Indeed, this uncertainty permitted the formulation of daring but quite erroneous hypotheses, such as that of Svedberg that the weights of all proteins were multiples of a basic unit. Or that of Dorothy Wrinch, who sought to account for the presumed regularity of protein molecular weights on the basis of a regular crystallographic structure for all indi-
vidual protein molecules that could be scaled to accommodate the various weights. An ingenious theory, but totally wrong. Nature has its own conception of ingenuity.
No one had any clue as to how the proteins—or most of the components of cells—were synthesized. One problem was scale. Only a few proteins or other molecules could be obtained in quantities suitable for the techniques of organic chemistry. Tracer techniques with radioisotopes and highly sensitive assays were in the future. Most enzymatic reactions were followed either colorimetrically (with human eye detection) or by coupling to some reaction that permitted a gas to be evolved or absorbed. The volume of gas thus affected could be measured, very tediously, in Warburg manometers.
We spent a moderate amount of time in the course on the origins and interconversions of various mold pigments. I ventured the opinion that this did not seem like a central problem in biochemistry. Unfortunately, I thereby unwittingly seriously affronted my instructor, whose research was in that field.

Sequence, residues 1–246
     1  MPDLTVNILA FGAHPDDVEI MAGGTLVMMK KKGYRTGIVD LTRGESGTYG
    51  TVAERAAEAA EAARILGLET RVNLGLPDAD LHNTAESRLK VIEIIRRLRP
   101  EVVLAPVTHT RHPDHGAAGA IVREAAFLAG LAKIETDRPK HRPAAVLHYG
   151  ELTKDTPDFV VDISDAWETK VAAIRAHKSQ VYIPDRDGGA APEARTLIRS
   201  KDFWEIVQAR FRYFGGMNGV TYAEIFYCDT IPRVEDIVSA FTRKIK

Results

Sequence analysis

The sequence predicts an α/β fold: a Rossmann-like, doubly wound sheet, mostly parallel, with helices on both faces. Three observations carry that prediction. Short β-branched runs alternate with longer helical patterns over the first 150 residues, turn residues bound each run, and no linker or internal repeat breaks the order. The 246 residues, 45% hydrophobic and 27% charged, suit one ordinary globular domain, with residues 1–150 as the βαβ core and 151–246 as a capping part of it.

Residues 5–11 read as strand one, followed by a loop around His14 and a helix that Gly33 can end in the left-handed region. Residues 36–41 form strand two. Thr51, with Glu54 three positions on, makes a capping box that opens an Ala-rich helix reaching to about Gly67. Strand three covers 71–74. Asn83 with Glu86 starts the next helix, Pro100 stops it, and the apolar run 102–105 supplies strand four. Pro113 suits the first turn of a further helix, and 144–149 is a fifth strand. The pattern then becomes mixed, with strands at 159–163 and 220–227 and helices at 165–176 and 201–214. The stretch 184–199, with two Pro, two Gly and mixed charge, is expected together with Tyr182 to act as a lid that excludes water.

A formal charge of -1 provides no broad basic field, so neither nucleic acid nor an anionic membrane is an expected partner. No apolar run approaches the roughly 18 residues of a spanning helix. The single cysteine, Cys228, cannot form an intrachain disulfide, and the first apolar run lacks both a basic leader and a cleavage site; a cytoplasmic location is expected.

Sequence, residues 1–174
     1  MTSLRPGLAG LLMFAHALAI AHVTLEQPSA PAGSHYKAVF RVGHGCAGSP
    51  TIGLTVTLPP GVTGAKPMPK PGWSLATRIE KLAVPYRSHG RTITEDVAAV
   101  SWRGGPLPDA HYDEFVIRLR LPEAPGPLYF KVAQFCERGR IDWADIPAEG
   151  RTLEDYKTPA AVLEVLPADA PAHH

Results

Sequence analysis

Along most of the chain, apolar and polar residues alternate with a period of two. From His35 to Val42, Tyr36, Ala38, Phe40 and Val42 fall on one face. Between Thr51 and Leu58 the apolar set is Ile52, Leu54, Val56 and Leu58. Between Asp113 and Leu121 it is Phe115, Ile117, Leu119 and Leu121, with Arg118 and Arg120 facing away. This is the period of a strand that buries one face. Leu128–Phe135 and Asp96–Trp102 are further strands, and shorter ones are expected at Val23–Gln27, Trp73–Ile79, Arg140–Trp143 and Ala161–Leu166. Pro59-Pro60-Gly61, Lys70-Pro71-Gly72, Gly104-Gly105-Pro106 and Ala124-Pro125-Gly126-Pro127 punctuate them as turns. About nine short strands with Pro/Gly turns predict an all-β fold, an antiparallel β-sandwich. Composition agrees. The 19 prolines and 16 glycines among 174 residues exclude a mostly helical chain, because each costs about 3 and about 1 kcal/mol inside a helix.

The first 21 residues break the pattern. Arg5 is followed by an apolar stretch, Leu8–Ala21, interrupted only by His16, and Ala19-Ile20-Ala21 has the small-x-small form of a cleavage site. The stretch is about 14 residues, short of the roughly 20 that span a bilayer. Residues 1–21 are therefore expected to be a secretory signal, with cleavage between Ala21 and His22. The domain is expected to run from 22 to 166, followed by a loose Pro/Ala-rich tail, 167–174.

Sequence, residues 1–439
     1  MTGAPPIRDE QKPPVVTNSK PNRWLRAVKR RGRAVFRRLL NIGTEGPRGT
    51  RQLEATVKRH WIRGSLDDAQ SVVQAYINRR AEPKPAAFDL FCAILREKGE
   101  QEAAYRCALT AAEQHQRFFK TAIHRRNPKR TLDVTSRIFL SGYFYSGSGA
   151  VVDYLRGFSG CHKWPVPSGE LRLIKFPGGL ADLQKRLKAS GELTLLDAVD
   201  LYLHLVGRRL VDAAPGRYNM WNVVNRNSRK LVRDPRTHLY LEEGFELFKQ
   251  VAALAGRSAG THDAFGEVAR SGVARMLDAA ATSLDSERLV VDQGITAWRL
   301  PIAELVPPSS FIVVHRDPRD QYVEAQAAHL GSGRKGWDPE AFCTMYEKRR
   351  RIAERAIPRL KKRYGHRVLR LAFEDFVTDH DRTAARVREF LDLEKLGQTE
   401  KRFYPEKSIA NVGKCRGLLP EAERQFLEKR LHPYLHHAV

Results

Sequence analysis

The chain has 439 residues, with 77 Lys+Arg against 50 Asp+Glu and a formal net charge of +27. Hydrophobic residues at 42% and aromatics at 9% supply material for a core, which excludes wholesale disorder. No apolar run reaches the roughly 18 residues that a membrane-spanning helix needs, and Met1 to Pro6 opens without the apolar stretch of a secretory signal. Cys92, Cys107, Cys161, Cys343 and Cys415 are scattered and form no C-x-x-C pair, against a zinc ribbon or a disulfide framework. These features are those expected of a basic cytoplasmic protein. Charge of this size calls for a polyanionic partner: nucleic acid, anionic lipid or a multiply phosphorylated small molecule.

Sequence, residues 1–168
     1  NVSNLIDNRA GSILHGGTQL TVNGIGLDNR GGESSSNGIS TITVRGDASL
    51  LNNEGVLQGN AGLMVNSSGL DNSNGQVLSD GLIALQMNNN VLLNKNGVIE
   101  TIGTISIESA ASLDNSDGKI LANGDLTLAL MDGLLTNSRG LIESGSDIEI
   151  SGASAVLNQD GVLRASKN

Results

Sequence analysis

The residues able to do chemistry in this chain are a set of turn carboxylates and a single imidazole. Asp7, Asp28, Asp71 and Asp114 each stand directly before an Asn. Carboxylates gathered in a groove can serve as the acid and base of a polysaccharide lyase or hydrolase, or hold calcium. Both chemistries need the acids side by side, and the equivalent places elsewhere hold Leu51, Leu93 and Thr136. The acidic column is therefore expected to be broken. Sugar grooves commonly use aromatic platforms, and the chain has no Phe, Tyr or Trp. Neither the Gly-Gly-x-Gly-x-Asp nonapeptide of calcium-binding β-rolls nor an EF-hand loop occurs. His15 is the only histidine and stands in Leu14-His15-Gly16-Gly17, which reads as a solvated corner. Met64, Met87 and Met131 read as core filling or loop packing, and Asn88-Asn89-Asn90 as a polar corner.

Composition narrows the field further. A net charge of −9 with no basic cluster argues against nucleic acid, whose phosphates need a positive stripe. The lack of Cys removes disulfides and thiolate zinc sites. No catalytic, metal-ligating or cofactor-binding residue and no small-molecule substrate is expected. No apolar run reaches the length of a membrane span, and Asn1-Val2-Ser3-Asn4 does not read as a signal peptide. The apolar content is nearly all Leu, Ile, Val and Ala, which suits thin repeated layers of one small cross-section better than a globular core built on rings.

Research in biochemistry then was very individual and small scale. No general external sources of funding were available and, in the continuing economic depression, institute resources were very limited. I recall my enzymology instructor telling us how he had had to defend a request to the dean for some one-milliliter pipettes. The dean knew that he already had some graduated ten-milliliter pipettes and did not see why the one-milliliter size was also necessary.
Some of the exciting developments in biochemistry at that time concerned vitamins, viruses, and the beginnings of research on antibiotics. Vitamins (essential nutrients) had been discovered in earlier decades, but additional factors were being discovered and chemically identified. Kögl, in an heroic effort, had isolated a sufficient quantity of biotin (vitamin H) to identify its chemical structure.